And yet, the numbers are incontrovertible. The three remaining legacy megacarriers (Delta, United, & American) will see a huge pilot retirement spike in the coming years, peaking in 2023 and not really easing until another decade after that. In the next five years alone, they will lose 5098 pilots to mandatory retirement. By 2023, that number increases to 15,235; by 2027, the number is 23,850, or 64% of the current seniority lists. Add in FedEx and UPS, and the 14-year total is 28,450. The national and non-legacy majors add thousands more.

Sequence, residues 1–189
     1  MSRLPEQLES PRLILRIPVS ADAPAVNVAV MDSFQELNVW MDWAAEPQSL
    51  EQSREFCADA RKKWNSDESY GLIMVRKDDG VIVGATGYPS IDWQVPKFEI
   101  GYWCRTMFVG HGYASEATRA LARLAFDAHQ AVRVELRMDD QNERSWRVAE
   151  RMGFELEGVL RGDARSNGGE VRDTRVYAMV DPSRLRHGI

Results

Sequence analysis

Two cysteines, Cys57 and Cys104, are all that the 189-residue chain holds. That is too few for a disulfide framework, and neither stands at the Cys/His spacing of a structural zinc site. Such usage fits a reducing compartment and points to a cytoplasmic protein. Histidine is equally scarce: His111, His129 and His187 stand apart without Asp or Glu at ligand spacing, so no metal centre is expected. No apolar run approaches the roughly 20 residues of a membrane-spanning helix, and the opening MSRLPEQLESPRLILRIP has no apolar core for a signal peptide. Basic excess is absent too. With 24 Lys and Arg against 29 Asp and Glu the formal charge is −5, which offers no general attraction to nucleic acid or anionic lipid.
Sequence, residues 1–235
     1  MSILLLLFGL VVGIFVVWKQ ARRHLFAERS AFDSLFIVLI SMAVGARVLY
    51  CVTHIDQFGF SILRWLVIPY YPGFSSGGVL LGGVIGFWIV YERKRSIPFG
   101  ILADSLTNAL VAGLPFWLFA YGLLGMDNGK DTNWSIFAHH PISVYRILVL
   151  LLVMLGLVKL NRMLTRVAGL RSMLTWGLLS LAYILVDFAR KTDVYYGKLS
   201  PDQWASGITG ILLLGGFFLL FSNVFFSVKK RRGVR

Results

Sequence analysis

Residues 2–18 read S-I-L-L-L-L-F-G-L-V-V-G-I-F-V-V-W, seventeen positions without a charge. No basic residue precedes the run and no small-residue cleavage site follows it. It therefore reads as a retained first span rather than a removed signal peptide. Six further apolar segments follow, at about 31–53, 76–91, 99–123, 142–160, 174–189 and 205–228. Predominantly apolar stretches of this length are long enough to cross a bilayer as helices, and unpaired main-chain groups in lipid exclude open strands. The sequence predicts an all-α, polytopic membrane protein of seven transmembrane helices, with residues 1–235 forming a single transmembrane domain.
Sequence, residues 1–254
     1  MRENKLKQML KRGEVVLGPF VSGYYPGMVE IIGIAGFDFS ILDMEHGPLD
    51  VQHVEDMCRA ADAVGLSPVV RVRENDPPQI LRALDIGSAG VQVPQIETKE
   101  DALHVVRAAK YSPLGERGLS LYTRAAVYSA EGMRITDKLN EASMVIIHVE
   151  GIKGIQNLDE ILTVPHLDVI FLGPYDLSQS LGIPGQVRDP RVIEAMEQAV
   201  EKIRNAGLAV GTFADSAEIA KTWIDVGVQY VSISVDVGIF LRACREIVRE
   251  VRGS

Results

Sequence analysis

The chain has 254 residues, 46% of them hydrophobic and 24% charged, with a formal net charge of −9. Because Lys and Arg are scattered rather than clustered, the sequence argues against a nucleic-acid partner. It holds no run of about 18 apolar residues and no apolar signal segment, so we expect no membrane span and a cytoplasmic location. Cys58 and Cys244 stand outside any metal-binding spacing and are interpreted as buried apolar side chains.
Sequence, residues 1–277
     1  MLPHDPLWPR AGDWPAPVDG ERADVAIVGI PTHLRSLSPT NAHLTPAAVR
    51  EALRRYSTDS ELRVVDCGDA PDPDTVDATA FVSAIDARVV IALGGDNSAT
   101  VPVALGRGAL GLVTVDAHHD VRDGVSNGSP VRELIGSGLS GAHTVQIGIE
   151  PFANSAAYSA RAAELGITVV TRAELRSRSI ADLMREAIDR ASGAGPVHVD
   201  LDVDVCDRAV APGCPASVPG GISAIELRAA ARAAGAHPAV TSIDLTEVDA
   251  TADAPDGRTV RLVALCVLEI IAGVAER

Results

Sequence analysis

Now, there is still a lot of flight training infrastructure in this country, and we certainly have the capability to train 30,000 new pilots in the next 14 years. The problem is that historically low numbers of people are investing $80,000 or more in training for a career and industry whose troubles have been widely publicized in the general media. The FAA issued fewer commercial certificates in the last three years than any other period since the early 1980s, and a large portion of these were issued to foreign nationals who plan to return home to fly for their national carriers. Even if the pilot shortage publicity sparks a renewed wave of flight training, there will be a 3-4 year lag before these new entrants are qualified to fly for an airline, by which time the effects of the shortage will be very deeply felt and rapidly multiplying.